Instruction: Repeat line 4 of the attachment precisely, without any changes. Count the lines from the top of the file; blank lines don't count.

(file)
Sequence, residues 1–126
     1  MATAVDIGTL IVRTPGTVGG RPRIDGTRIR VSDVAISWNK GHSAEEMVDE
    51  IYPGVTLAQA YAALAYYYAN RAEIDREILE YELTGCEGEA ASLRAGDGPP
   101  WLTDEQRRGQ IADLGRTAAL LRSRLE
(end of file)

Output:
   101  WLTDEQRRGQ IADLGRTAAL LRSRLE